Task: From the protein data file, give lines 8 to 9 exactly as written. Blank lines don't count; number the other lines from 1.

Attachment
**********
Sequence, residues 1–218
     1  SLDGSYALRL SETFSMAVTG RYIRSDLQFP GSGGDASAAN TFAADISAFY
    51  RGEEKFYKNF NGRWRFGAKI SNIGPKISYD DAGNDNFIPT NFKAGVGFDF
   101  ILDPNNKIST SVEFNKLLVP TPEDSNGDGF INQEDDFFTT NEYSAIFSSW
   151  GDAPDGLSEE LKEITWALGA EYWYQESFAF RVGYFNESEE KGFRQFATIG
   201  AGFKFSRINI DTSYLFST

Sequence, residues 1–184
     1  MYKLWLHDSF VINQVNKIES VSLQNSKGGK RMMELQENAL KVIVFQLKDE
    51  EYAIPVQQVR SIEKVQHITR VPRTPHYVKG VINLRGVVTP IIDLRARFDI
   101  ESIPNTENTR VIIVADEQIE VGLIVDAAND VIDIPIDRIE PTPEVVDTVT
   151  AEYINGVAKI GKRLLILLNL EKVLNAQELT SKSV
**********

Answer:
     1  MYKLWLHDSF VINQVNKIES VSLQNSKGGK RMMELQENAL KVIVFQLKDE
    51  EYAIPVQQVR SIEKVQHITR VPRTPHYVKG VINLRGVVTP IIDLRARFDI